“Best Man Down” (2013, PG-13, 90 min., $26.98) Justin Long, Tyler Labine and Jess Weixler star in a comedy about a couple that's forced to cancel their honeymoon when the best man dies at their destination wedding in Phoenix. Scott (Long) and Kristin (Weixler) head home to plan the funeral of their friend, which turns out to be an experience full of surprises.

“How to Make Money from Selling Drugs” (2012, NR, 96 min., $26.95) By title alone, this documentary from Matthew Cooke should garner any number of views. The fascinating film packs in plenty of interviews, including with those dealing, and the folks trying to shut them down. A number of celebrities, including Susan Sarandon and Rick Ross, also have their say.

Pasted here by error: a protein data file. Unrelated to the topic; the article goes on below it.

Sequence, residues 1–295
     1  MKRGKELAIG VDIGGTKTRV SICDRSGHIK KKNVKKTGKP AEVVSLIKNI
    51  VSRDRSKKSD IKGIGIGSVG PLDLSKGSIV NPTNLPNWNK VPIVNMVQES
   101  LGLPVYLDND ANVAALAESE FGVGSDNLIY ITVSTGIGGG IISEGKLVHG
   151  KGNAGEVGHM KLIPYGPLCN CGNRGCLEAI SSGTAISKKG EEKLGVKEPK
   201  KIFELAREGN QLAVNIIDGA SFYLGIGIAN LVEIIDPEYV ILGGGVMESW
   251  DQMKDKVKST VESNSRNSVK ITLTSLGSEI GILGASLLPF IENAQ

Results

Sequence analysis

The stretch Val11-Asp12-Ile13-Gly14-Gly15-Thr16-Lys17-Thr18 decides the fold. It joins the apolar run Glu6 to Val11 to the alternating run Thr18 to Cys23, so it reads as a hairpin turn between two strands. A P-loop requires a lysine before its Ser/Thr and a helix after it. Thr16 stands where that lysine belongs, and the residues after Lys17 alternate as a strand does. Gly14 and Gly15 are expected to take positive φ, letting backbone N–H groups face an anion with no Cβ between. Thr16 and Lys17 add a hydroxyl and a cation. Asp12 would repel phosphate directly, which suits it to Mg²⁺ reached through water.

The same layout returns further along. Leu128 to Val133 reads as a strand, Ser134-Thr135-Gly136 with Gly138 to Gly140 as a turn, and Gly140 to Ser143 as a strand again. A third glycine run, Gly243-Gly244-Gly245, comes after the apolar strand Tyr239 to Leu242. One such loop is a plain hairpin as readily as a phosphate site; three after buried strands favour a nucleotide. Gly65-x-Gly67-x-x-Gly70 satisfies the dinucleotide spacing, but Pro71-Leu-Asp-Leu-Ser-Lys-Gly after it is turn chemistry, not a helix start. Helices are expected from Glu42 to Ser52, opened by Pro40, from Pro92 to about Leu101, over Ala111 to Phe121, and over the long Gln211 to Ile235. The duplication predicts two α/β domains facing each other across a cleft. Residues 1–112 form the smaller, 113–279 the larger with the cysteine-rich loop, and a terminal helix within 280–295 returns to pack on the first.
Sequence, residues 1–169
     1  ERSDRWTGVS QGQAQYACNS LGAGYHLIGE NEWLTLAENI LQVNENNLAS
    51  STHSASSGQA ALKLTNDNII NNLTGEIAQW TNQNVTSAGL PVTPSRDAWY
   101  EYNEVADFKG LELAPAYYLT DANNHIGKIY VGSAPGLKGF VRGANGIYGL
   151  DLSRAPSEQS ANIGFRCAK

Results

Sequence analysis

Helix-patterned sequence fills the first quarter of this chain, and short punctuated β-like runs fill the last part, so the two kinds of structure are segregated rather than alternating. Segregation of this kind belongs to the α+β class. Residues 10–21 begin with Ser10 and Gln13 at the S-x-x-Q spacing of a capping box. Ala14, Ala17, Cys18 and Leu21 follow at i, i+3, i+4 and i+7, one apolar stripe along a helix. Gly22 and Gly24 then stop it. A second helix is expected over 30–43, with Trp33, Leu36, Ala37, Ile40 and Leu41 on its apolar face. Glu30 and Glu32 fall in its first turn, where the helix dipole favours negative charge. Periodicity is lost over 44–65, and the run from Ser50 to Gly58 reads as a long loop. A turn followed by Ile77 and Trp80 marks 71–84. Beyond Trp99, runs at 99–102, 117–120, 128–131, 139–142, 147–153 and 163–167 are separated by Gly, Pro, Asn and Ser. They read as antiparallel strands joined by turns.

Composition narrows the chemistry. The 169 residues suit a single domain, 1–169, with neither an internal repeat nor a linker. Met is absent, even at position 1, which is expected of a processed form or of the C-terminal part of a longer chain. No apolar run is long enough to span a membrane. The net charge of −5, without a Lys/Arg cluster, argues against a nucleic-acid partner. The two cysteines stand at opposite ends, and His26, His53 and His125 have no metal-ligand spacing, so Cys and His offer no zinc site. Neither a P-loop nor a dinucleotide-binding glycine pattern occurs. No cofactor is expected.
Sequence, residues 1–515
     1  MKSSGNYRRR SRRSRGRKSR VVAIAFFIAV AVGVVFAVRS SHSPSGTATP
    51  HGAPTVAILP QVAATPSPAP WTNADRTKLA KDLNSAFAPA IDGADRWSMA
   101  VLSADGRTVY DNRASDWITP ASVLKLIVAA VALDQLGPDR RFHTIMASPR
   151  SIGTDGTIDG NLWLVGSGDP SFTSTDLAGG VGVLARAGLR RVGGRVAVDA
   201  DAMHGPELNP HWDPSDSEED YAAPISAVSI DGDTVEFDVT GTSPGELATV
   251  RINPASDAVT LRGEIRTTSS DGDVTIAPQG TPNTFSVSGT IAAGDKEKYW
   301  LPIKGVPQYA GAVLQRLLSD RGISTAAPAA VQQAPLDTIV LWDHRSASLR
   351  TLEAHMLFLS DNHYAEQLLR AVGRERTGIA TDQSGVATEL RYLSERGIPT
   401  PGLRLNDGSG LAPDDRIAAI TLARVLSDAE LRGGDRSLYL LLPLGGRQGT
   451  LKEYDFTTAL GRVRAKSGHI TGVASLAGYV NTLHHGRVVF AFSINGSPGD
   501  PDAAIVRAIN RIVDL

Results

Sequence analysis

“Freezer” (2014, R, 82 min., $24.98) Dylan McDermott and Peter Facinelli star in director Mikael Solomon's film about a New York City mechanic who's the victim of mistaken identity. Knocked out at his own birthday, the man finds himself locked in a freezer. The Russian mob stands on the other side of the door, and time is running out in this twisty thriller.

“Bad Milo!” (2013, R, 84 min., $26.98) Ken Marino and Pittsburgh native Gillian Jacobs star in lead roles in this dark comedy that revolves around stress. Duncan's a worrier, and it leads him to severe gastrointestinal problems. Looking for relief, the man turns to a hypnotherapist who helps him realize that his pain is the result of a tiny demon with a deadly appetite.